AJN On the Web
AJN’s Web site, www.ajnonline.com, offers access to current and past issues (from 1900 on), podcasts, article collections, news alerts—and much more. Bookmark our blog, Off the Charts (http://ajnoffthecharts.com), to read frequent updates and share your thoughts on what you see in your nursing world. Join us on Facebook (www.facebook.com/AJNfans), follow us on Twitter (http://twitter.com/AmJNurs), and be sure to download the new AJN app on your iPad.
WHAT WE'RE BLOGGING ABOUT
* AJN’s clinical managing editor, Karen Roush, offers a social and cultural analysis of why breast cancer gets so much more attention than other health care issues in “It's Starting Again” (http://wp.me/prthD-48B).
* Could you provide care to a patient like Ariel Castro? In “Are You Glad Ariel Castro Is Dead?” Lorry Schoenly, a correctional nurse, poses the ethical dilemma of providing care to patients whom society may deem as unworthy of care (http://wp.me/prthD-458).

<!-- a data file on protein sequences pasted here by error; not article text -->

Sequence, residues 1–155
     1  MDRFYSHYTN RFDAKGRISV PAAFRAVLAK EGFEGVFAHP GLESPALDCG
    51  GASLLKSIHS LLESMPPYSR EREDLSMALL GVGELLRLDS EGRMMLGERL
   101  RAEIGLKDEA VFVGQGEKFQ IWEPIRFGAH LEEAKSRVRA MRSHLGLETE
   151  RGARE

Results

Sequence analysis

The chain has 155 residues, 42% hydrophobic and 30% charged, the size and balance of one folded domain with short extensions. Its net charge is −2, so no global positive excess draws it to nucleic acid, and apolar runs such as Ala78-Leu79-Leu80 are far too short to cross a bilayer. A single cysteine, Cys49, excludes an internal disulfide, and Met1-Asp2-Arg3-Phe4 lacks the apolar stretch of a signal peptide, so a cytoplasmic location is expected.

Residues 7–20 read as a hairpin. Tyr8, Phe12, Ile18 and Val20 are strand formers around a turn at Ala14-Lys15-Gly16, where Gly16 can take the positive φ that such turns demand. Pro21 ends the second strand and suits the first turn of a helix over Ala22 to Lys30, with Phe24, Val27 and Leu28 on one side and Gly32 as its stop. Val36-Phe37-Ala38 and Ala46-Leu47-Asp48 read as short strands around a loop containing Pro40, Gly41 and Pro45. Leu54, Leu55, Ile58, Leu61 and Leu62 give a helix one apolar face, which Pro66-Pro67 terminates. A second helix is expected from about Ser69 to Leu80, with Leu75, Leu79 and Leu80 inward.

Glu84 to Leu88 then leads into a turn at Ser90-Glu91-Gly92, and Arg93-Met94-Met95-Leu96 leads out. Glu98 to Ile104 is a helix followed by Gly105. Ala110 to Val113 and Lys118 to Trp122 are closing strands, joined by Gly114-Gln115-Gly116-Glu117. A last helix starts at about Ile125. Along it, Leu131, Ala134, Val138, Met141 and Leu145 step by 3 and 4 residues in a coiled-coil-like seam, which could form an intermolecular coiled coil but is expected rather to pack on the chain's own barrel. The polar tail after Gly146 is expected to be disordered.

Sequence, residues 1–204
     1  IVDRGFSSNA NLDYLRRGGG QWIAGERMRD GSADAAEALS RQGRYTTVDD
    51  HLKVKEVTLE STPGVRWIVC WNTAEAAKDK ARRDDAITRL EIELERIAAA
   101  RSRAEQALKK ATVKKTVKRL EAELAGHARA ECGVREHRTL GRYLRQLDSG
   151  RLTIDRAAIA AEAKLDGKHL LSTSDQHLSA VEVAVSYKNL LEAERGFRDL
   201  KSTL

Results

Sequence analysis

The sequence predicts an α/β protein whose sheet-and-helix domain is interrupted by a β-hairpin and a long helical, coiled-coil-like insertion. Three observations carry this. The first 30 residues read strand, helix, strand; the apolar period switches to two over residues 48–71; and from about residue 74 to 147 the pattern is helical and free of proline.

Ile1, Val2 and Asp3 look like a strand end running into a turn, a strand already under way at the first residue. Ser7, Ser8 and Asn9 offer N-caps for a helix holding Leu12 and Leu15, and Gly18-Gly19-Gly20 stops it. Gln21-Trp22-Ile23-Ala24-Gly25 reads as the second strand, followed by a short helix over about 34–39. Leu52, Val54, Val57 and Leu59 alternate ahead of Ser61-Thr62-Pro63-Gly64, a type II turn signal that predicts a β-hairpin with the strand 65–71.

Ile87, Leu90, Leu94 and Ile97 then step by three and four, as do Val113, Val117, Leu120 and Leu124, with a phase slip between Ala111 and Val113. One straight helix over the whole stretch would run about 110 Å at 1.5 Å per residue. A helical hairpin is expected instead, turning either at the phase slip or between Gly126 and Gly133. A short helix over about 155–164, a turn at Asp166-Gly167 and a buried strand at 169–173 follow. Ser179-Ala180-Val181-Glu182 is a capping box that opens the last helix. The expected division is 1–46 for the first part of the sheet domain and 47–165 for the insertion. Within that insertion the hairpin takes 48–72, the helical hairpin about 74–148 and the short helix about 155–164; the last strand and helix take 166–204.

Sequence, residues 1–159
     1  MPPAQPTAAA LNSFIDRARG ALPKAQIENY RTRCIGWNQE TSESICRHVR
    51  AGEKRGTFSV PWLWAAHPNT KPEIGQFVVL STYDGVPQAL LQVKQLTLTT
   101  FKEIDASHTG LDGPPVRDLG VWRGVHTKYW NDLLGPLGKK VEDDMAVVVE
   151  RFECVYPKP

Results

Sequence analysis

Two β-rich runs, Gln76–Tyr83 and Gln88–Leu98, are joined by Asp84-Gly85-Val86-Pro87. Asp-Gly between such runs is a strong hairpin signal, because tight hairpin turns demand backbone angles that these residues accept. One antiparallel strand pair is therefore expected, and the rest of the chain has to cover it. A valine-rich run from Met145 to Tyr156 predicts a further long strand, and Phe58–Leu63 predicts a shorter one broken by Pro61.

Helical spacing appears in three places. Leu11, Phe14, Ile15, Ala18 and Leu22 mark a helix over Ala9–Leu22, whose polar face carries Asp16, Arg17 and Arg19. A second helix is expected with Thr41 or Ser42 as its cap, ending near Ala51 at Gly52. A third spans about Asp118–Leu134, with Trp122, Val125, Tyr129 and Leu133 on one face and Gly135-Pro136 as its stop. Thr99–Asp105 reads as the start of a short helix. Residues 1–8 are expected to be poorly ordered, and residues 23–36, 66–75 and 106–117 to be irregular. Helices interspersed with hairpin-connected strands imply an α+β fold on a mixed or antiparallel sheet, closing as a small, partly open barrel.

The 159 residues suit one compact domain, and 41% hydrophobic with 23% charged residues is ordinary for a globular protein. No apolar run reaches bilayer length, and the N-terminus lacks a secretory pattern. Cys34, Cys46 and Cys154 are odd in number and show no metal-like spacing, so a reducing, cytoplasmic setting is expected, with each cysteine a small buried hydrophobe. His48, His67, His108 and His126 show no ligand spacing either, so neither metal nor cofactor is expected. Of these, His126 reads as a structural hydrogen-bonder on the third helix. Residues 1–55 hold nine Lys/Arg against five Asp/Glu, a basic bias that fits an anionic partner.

* In “Delirium at the Hands of Nurses,” nurse Amanda Anderson wonders about the effects of nursing interventions on the sedated, but still active, minds of ICU patients (http://wp.me/prthD-44U).
WHAT READERS ARE SAYING ON TWITTER, FACEBOOK, AND OUR BLOG
“During Desert Storm we had to take care of more enemy soldiers than Coalition troops. We gave them the best care we could.” “In situations like Mr. Castro, I have no ability to shed a tear for his demise…. Probably the biggest loss here is the chance to probe his history and psyche to explore why he behaved as he did.” “I will never wear a pink ribbon again, even though I support the overall goal.” “After years of nursing practice, I realized that nursing combines two things—the science of nursing and the art of improv. It is when these two things come together the magic of nursing appears.”
* Monthly highlights: Listen to AJN editors discuss the contents of the November issue.
* Behind the article: Editor-in-chief Shawn Kennedy speaks with
* the authors of “Hearing the Voices of Newly Licensed RNs.”
* the author of Emerging Infections.